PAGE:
Here's a typical statement on the subject from this SO post:

The logic, for those not familiar with accounting, is: money is not created nor destroyed, it is only transferred from account to another. Each transaction has a Debit side, and a Credit side. A few examples:

  1. Salary from your employer: Credit Salary, Debit Bank Account - the money came from your salary, and went to your bank account.

  2. Pay of rent: Credit Bank Account, Debit Rent - the money came from your bank account and went to your rent account.

The thing I don't understand the point of having a "salary account" or "rent account". Sure, it's a way to make sure that every transaction formally goes from one account to another, but your salary isn't really an account showing an amount of money that is here and then it's there, it's an injection of money from someone else's account, so it's a fiction to view that as one of your accounts.

How is this fiction useful?

closed as off-topic by Dilip Sarwate, Ben Voigt, Dheer, Philipp, JTP - Apologise to Monica Oct 8 at 1:02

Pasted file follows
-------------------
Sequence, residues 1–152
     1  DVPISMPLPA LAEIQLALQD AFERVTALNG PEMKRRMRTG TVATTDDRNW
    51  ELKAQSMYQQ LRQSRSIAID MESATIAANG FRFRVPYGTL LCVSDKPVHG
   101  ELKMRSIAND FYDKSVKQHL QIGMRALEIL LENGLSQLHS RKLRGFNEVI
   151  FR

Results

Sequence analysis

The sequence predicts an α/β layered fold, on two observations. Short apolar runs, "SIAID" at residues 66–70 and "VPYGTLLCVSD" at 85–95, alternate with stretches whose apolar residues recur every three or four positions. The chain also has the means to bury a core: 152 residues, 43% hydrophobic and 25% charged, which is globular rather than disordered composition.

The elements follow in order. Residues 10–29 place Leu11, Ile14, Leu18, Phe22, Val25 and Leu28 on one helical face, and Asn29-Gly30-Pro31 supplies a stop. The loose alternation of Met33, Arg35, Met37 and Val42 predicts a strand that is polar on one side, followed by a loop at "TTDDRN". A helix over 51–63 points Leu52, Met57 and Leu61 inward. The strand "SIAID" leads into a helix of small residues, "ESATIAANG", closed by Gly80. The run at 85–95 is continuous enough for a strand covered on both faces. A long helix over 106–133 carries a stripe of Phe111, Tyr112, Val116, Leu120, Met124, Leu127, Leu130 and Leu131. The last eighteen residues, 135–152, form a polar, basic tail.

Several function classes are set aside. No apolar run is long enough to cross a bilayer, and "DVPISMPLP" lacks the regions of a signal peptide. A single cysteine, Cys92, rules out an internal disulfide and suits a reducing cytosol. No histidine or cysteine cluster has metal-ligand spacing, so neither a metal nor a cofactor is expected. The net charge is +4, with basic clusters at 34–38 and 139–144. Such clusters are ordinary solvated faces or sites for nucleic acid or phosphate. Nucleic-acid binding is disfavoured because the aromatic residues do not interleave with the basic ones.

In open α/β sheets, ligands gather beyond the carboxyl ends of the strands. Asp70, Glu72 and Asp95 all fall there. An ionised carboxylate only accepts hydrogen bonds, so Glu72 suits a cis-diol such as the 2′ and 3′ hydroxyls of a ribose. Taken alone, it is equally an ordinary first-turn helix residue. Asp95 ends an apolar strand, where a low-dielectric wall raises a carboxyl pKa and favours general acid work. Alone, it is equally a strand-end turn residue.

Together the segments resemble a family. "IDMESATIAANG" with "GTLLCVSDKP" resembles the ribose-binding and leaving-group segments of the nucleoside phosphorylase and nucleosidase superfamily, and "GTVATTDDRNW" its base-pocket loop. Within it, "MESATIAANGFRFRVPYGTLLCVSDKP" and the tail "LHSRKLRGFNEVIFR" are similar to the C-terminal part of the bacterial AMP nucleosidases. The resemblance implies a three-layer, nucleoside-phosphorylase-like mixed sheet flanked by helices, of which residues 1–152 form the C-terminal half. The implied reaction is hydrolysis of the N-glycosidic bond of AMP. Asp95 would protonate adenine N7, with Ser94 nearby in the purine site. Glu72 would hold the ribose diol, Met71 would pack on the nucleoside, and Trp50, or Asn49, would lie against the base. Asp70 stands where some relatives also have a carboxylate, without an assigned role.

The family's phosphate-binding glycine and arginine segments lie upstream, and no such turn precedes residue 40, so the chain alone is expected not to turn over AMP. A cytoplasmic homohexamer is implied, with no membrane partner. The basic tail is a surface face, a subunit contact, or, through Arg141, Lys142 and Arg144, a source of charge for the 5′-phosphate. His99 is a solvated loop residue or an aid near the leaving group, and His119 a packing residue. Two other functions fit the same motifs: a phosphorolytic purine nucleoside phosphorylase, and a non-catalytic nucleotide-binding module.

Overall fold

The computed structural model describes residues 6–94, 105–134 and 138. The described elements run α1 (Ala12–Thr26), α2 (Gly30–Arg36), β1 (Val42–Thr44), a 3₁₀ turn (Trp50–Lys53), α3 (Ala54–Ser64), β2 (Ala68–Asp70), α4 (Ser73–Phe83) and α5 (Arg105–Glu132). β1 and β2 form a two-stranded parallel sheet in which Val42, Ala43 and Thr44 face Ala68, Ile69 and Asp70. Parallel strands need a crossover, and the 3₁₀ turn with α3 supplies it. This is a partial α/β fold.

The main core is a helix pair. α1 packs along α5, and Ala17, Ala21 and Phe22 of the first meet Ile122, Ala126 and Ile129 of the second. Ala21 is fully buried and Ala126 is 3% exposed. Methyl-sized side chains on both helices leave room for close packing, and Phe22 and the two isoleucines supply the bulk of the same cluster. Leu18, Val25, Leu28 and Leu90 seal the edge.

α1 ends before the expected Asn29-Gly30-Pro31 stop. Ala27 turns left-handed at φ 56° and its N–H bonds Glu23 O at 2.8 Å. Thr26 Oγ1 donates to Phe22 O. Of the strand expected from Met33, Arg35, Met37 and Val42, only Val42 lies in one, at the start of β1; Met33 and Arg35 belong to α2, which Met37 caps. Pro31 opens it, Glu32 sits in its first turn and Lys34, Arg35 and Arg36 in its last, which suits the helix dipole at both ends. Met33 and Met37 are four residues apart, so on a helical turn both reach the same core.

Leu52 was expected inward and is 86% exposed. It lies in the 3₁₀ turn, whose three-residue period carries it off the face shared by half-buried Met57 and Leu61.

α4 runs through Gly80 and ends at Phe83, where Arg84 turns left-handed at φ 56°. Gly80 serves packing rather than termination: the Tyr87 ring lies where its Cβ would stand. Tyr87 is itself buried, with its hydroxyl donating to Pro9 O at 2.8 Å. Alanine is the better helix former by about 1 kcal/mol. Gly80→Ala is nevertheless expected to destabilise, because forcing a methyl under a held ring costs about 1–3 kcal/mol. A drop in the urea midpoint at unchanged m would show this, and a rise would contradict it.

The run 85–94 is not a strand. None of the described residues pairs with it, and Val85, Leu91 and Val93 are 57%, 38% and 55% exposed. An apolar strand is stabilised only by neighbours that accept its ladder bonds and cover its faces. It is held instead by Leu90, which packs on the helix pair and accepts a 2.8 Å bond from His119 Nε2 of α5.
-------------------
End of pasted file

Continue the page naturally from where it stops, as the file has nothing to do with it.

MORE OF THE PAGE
This question appears to be off-topic. The users who voted to close gave this specific reason:

  • "Questions about accounting are off-topic unless they relate directly to personal finance or investing from an individual's perspective." – Dilip Sarwate, Ben Voigt, Dheer, Philipp, JTP - Apologise to Monica
If this question can be reworded to fit the rules in the help center, please edit the question.

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    "How is this fiction useful?" To keep your books balanced. (That being said, it's certainly not needed for personal finance.) – RonJohn Oct 3 at 16:15
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    @RonJohn Double-entry bookkeeping is useful for both personal and corporate finances. The OP’s context seems to be personal finances, so I’m happy to leave the question open unless there’s a duplicate on the system. – Lawrence Oct 4 at 7:59
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    @Lawrence I didn't VTC, knowing that some PF programs (like GnuCash and ledger) use it. – RonJohn Oct 4 at 8:14